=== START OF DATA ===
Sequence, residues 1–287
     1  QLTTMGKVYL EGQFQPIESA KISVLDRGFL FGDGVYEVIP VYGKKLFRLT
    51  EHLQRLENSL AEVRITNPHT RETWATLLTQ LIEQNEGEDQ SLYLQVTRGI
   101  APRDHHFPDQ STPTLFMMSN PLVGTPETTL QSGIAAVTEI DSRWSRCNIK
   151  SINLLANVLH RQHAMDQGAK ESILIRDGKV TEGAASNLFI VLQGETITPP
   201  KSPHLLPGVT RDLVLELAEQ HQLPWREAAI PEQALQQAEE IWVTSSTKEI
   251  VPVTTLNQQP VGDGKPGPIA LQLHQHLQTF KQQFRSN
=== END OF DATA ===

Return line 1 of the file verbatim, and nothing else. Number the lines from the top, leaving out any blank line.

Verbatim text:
Sequence, residues 1–287